|Mason Family Dig Site|
Bruce County, 1991
Though all of this sounds spectacularly interesting as a series concept, the idea was poorly executed as it suffered from less than believable dialogue and unusual casting. In spite of this, though Zero Hour had potential, it was more than likely doomed by its affiliation with archaeology.
Movies with archaeological ties generally do well at the box office. Consider Stargate, Indiana Jones, Tomb Raider, The Mummy, and National Treasure. The same cannot be said for television shows of the same genre which are few and far between. Two of these are Veritas: the Quest, and the British Bonekickers. In Veritas, a team of people search the globe for artifacts that piece together Earth’s great mystery, though what that may be is not revealed in the show’s short run. All that is known is that it somehow involves the group’s leader, and his son and deceased wife. In Bonekickers, archaeologists participate in episodic digs, some with ties to popular legends or high profile historical eras. The only other archaeology-types around are those on Bones, and that’s more forensic anthropology than archaeology per se. I dreamed of seeing the Primeval cast hunker down to an archaeological dig when they found modern artifacts in a dinosaurian era, or modern people digging up the remains of the Terra Nova settlement (though that apparently took place in a different timeline than ours) but, alas, that was never to come to pass.
Many play fast and loose with the term “archaeology”, such as in “Antique Archaeology”, the shop ran by the American Pickers, for example. Even worse is the Savage Family Diggers/ American Diggers franchise which sees ex-wrestler Rick Savage knock on people’s doors asking to dig on their properties for a percentage of the profit. While they may “save” artifacts from being destroyed or remaining forever buried and decomposing, they are, in effect, destroying archaeological sites. And while I readily acknowledge that laws in The States differ from those in Canada, the fact that they do they painstaking research to find the sites then do nothing to save the subtleties of the sites’ historic occupation, does little to elevate them from pot-hunting status. Yet they have been awarded their own series of shows which creates the illusion that what they are doing is lucrative and not at all deplete of morals.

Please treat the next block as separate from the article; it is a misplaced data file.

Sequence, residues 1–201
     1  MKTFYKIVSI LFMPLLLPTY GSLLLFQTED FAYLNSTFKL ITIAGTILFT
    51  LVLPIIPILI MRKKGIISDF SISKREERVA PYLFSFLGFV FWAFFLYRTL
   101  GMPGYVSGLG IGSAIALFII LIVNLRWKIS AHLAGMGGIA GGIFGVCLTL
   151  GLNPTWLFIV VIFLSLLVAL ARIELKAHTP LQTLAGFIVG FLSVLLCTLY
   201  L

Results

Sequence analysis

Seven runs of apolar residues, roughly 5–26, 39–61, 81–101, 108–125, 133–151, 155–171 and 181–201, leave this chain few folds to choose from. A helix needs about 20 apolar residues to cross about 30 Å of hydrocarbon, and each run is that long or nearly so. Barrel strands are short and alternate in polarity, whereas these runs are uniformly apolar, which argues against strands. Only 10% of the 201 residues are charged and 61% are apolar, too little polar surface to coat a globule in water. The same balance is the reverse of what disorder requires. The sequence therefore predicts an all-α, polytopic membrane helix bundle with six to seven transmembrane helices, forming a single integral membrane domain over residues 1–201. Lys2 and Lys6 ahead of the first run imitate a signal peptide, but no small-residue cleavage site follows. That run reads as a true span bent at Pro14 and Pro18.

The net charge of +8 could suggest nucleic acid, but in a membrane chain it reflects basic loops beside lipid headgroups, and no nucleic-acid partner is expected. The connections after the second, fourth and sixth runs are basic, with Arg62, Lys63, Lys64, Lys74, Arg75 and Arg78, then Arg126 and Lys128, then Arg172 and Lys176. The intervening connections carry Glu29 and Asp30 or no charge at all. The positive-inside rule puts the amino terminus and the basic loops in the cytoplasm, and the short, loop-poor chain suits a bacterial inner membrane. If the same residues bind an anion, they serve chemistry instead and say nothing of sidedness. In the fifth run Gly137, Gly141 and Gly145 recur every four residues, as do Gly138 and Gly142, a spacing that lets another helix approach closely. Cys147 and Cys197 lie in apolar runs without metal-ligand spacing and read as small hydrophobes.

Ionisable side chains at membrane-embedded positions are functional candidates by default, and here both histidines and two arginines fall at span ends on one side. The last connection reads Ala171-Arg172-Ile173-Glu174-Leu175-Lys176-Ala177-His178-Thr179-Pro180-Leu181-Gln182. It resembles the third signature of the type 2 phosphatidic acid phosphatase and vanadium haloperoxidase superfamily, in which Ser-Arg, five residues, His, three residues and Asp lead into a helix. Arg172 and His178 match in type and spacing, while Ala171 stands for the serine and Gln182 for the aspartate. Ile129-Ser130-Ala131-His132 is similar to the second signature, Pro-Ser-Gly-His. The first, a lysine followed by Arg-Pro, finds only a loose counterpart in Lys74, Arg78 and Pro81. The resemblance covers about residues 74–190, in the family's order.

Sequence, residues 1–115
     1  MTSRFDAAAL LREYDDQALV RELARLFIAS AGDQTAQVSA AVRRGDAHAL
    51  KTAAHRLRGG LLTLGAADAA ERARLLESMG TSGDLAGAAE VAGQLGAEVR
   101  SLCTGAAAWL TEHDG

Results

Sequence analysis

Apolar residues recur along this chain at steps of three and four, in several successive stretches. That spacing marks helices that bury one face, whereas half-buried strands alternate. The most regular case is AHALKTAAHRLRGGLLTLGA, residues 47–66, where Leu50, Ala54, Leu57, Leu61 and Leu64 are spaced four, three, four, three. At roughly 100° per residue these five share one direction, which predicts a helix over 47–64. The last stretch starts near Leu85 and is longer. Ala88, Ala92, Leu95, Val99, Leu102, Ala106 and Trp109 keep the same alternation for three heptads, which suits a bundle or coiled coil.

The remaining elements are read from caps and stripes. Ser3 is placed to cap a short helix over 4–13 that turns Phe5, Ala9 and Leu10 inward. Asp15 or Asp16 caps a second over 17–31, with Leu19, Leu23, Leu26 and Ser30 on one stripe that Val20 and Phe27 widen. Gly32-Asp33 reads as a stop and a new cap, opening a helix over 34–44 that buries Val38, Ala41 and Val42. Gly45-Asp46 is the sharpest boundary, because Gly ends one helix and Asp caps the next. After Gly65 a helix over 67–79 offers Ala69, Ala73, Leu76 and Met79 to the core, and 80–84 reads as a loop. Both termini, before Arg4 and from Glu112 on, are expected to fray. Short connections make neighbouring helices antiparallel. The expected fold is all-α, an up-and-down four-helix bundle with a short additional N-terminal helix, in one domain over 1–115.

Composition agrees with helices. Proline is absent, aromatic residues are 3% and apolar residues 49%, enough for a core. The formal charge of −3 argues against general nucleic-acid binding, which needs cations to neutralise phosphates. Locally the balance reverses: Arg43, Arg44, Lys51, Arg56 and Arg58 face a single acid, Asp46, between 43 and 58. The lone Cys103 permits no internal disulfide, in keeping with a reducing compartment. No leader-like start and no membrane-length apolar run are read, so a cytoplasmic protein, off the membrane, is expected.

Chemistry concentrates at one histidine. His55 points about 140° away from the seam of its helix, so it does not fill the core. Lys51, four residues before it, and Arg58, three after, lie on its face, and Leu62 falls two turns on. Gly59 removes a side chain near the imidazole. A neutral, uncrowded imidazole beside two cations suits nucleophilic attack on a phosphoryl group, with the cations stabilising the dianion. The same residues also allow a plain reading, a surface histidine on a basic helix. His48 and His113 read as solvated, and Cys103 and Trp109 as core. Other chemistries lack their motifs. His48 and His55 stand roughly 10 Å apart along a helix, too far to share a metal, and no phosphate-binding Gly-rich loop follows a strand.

Archaeology as a discipline is in danger of extinction. Even when I practiced it, the threat of satellite imagery and ground penetrating radar to document sites threatened to render those of us who saw it as a noble pursuit, obsolete. In his article entitled “Archaeology Is Not a Strong Brand”, Martin Rundkvist takes the profusion of available archaeology-named domains to indicate that the word no longer packs significant punch. He avers that the “little regional bits of the past and archaeological practice” have rendered the word, and the discipline by default, unexciting. I maintain the reason for this could be the dearth of local archaeological projects in North America (certainly in central Ontario). I got out of the discipline because, though I loved it dearly and could imagine doing nothing else with my life, I could not make a living at it. I began my career making enough money to live comfortably, had the position remained opened twelve months of the year. Each year I returned to the field being offered fewer and fewer dollars per hour until I was earning little more than minimum wage 6 months a year (if I were lucky) and UIC was breathing down my back to get re-trained in order to dump my hard-earned degree and get a year-round office job. I chose, instead, to go back to school and complete teacher training. It took some time, but I have come to terms with perpetuating archaeology through my writing. I always fancied returning to the discipline in retirement, but I doubt I will be able to tote buckets of wet dirt at that advanced age. No, I must remain content with fanaticizing about fantastical archaeology, rather than practicing actual archaeology, barring my winning the lottery, that is.
About the Author
Elise Abram, English teacher and former archaeologist, has been writing for as long as she can remember, but it wasn’t until she was asked to teach Writer’s Craft in 2001 that she began to write seriously. Her first novel, THE GUARDIAN was partially published as a Twitter novel a few summers back (and may be accessed at @RKLOGYprof). Nearly ten years after its inception Abram decided it was time to stop shopping around with traditional publication houses and publish PHASE SHIFT on her own.
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Rundkvist, Martin. Archaeology Is Not a Strong Brand. Aardvarchaeology. 2 Mar 2013. < http://scienceblogs.com/aardvarchaeology/2013/03/02/archaeology-is-not-a-strong-brand/>. 12 Mar 13.